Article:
Officially founded in 1896 (though there were settlers for some 75 years before that), and if a Rolling Stone article due to hit newsstands on July 4 is correct, Miami and the rest of coastal South Florida is looking at a very succinct timeline of existence.

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Climate Change
10:14 am
Tue June 25, 2013

Obama Lays Out Broad Plan To Address Climate Change

The Capitol dome is seen behind the Capitol Power Plant, which provides power to buildings in the Capitol complex in Washington, D.C.
Carolyn Kaster AP

Originally published on Tue June 25, 2013 2:45 pm

Update at 2:38 p.m. ET. Obama Lays Out Plan:

In an address at Georgetown University in Washington, President Obama laid out a sweeping new plan to address climate change.

As expected, Obama said his plan seeks to cap the carbon emissions of power plants.

Obama also said the Keystone XL pipeline, which would carry oil from Canada to Texas, would only be approved by the State Department if it aligned with the "nation's interest."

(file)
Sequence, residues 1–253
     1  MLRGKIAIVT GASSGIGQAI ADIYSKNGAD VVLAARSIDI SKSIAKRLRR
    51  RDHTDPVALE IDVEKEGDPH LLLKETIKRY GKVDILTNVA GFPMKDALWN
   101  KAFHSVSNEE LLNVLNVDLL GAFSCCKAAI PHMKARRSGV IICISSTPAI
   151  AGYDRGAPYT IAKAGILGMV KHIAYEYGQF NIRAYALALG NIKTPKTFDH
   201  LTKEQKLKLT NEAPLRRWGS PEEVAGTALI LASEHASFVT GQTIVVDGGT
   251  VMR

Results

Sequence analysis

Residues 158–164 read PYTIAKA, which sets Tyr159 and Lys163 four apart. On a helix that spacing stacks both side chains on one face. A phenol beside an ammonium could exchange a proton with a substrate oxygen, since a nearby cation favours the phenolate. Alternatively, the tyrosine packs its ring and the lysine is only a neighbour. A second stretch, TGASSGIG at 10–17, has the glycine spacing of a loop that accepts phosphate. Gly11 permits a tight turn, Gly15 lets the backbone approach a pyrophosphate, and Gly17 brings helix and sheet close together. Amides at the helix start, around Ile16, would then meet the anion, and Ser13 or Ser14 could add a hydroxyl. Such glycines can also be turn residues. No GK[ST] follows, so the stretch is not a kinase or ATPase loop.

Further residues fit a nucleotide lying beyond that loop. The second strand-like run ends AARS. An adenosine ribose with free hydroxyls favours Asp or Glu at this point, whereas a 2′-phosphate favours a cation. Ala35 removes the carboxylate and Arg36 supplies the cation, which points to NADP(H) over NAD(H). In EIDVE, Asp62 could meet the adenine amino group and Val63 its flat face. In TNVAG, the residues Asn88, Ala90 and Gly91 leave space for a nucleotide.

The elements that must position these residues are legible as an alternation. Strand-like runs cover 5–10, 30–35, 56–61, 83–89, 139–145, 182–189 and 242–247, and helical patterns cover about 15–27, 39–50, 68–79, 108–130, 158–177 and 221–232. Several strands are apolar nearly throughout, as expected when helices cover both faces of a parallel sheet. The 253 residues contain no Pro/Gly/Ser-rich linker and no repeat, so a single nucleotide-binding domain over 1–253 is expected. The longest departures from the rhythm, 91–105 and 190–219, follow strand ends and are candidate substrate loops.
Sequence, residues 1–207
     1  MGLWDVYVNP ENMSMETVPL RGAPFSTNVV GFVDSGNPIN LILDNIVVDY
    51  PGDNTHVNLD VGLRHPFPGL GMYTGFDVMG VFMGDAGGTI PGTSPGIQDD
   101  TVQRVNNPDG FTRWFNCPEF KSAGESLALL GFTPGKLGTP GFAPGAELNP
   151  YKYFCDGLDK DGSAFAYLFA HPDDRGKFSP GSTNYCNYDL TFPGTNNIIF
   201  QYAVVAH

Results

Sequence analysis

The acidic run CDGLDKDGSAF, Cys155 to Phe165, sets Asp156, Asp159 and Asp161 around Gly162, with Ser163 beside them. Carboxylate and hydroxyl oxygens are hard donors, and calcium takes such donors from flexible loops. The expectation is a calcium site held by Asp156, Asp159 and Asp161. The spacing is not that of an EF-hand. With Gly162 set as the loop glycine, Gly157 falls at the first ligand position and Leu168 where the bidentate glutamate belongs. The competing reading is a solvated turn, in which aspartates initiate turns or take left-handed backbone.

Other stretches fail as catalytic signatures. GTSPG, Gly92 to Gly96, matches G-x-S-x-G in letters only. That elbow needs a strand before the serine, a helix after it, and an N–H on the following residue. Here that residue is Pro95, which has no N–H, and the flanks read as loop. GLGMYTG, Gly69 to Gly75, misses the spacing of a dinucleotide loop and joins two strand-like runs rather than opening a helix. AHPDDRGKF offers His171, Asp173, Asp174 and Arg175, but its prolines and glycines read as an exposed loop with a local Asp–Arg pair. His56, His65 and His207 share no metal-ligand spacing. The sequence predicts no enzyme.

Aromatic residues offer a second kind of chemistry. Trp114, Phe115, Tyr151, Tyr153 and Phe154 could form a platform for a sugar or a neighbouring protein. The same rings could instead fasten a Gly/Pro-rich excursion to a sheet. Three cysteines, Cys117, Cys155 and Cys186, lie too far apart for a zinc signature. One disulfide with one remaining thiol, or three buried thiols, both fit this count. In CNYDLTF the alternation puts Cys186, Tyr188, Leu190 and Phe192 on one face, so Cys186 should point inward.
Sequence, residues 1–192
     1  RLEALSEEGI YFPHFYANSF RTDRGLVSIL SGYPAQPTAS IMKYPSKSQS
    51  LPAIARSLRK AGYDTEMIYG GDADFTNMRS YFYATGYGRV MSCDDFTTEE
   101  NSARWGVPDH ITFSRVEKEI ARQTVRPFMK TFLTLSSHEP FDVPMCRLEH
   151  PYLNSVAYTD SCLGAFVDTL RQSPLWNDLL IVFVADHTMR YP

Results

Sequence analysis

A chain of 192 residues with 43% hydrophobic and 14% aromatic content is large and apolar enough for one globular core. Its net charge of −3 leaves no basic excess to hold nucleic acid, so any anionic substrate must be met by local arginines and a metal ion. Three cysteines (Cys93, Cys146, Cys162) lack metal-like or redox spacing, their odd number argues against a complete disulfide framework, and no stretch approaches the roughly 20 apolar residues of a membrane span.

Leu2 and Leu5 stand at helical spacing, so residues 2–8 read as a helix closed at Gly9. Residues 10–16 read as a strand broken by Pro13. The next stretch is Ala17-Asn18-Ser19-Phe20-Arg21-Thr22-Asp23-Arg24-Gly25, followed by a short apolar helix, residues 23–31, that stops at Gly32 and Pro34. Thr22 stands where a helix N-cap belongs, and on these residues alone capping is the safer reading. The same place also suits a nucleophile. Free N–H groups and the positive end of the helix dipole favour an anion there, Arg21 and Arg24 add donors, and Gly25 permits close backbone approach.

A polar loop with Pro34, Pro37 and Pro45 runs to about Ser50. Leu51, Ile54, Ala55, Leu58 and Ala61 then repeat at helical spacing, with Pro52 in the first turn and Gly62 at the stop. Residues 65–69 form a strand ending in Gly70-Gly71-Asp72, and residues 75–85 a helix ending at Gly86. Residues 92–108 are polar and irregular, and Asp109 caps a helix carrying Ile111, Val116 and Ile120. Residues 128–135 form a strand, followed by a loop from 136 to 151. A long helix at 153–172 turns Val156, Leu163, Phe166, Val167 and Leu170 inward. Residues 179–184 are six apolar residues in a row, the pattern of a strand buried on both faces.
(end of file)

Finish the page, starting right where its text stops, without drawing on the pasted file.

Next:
That is if "this project does not significantly exacerbate the problem of carbon pollution," Obama said.

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Climate Change
7:47 am
Mon June 24, 2013

Coastal Cities Prepare For The Rising Tide

Originally published on Sun June 23, 2013 5:02 pm

Transcript

JACKI LYDEN, HOST:

It's WEEKENDS on ALL THINGS CONSIDERED from NPR News. I'm Jacki Lyden.

Today on the show, 50 years on from Martin Luther King's "I Have a Dream" speech and music from the front lines of Brazil. But first, in a major policy address on Tuesday, President Barack Obama will outline his administration's plan to curb our historic levels of carbon emissions. A video released yesterday outlined some of what to expect.

(SOUNDBITE OF VIDEO)

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Climate Change
10:31 am
Thu June 20, 2013

Watch South Beach Disappear Under Sea Level Rise In Hypnotic New GIFs

Ocean Drive on Miami Beach would be submerged under five feet of water.